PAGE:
Reid urges cooperation with online sales tax bill to avoid weekend work

The Senate is considering The Marketplace Fairness Act, S. 743, which would empower states to collect taxes on purchases made online by consumers in their states. But some senators in states without sales tax say it would burden retailers in their states by forcing them to collect taxes for other state governments.

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Reid said senators would have to work through the weekend to complete work on the bill before leaving for a weeklong break, unless the “handful” of senators stop their obstruction. A vote to end debate on the bill is scheduled for Friday morning.

The bill would exempt small businesses that earn less than $1 million annually from out-of-state sales and requires states to provide retailers with software to calculate sales taxes based on a buyer’s zip code.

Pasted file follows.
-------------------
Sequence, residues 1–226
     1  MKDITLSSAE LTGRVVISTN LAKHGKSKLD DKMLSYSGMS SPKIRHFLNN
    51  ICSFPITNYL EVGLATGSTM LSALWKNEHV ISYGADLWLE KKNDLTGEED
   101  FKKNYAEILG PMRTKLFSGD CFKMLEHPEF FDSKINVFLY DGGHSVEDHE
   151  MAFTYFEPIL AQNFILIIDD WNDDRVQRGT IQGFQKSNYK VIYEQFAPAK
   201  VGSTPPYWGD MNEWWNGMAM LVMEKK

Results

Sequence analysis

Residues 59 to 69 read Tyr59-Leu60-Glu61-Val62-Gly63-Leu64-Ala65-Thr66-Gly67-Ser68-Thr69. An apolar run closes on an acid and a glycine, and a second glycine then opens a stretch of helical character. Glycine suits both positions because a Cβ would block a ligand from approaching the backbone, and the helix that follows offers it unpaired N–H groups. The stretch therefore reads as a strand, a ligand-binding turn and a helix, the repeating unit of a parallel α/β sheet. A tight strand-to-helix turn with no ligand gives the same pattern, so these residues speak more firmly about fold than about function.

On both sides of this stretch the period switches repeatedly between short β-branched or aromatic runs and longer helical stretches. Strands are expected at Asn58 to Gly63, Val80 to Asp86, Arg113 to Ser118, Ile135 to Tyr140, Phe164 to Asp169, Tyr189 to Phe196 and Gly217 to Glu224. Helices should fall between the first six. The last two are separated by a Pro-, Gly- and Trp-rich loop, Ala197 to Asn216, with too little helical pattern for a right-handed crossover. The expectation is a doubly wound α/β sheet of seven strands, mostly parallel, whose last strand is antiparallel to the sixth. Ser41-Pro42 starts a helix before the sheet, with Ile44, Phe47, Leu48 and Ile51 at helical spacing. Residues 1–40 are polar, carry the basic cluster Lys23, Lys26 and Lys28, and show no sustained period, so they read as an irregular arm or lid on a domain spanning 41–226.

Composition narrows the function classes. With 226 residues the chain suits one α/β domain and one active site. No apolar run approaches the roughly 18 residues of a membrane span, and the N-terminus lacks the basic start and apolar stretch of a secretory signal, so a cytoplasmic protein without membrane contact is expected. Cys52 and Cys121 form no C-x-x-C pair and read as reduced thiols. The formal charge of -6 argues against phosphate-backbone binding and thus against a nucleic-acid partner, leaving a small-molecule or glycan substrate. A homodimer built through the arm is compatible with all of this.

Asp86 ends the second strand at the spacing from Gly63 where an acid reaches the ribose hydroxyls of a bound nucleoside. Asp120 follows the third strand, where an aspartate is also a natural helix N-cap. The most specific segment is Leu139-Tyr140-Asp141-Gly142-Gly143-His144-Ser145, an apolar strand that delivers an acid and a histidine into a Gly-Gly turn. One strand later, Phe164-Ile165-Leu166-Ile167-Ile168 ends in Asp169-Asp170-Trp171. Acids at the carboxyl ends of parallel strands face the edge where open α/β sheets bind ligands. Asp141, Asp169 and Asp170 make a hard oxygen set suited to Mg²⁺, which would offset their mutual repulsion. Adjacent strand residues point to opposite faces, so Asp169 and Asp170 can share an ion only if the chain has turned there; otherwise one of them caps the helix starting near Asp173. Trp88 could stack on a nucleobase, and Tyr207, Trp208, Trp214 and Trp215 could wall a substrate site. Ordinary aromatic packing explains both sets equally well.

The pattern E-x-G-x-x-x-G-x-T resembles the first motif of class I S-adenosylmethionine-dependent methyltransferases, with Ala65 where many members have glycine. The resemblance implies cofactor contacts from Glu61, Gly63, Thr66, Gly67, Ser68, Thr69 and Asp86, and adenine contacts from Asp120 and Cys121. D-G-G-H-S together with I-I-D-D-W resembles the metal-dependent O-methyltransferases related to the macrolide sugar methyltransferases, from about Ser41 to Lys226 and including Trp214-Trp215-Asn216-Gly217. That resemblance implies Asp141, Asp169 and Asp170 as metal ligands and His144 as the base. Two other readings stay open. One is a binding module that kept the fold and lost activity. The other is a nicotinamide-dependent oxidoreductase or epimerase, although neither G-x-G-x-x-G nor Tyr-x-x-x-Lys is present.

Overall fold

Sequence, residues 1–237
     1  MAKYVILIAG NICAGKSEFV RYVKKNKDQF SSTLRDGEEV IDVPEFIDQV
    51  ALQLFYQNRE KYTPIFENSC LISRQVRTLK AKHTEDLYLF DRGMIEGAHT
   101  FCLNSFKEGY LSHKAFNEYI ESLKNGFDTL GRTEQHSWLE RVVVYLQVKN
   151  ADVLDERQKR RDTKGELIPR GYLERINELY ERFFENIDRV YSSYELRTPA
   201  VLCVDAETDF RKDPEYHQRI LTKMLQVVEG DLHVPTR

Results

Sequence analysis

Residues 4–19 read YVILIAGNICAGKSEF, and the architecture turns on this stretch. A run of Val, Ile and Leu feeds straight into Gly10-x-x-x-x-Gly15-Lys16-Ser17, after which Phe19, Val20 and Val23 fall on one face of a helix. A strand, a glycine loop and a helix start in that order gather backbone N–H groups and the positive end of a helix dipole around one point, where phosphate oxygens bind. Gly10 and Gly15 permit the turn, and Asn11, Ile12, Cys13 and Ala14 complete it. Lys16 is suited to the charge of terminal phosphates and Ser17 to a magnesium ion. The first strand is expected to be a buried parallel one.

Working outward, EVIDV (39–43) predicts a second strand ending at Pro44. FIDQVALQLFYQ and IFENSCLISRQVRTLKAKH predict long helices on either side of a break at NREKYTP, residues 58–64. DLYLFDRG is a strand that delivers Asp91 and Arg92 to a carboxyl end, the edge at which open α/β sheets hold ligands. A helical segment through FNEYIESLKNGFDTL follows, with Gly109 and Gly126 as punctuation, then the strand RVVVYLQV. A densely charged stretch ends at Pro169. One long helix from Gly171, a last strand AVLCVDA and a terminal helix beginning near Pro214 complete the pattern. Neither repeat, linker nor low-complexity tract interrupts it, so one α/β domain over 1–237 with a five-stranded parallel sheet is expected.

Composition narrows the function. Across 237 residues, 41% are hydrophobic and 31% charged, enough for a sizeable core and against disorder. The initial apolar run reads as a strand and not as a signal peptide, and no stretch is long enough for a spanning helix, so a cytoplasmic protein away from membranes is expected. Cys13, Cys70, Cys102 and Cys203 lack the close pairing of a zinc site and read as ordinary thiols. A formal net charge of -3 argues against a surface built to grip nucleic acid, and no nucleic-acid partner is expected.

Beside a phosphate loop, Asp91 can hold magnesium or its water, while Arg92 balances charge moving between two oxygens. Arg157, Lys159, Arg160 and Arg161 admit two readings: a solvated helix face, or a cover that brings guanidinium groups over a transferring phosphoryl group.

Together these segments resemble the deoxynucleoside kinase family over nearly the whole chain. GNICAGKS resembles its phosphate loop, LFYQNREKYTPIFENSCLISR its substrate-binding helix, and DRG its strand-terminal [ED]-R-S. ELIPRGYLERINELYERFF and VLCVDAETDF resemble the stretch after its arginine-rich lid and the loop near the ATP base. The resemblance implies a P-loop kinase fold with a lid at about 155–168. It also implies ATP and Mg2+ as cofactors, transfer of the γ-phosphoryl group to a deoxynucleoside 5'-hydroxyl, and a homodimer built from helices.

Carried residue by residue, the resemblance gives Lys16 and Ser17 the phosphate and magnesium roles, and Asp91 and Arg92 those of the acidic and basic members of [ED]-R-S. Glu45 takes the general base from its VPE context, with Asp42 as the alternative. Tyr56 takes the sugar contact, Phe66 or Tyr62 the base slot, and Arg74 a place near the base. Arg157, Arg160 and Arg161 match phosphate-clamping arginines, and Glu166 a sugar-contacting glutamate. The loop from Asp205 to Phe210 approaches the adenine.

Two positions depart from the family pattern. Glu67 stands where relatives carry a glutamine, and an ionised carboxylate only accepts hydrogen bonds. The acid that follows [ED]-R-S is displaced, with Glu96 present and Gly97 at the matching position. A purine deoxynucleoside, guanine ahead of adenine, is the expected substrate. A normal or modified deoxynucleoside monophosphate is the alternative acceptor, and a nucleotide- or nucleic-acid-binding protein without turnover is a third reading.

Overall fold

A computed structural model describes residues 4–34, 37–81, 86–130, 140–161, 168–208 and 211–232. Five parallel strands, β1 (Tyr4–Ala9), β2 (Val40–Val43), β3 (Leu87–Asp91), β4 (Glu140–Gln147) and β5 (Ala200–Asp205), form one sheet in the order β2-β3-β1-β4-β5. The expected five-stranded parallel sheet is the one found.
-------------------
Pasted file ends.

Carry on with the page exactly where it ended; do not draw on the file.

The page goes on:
Under current law, states can only collect sales taxes from retailers that have a physical presence in their state. People who order items online from another state are supposed to declare the purchases on their tax forms, but few do.

On Wednesday, the Senate voted 75-22 to proceed to the bill and last month the body passed a non-binding budget resolution supporting the Marketplace Fairness language on a 75-24 vote.

Those votes suggest supporters of the bill are likely to see it win approval in the Senate. Its path through the House, despite the support of many GOP governors, is less clear.

Senate Finance Committee Chairman Max Baucus (D-Mont.) and others who opposed the bill said it should have gone through committee before coming to the Senate floor.

“The floor is not the right place to mark up a complicated statute,” Baucus said Wednesday. “This bill needs to be reviewed in a comprehensive and thoughtful manner through regular order. … This bill in not well thought through.”

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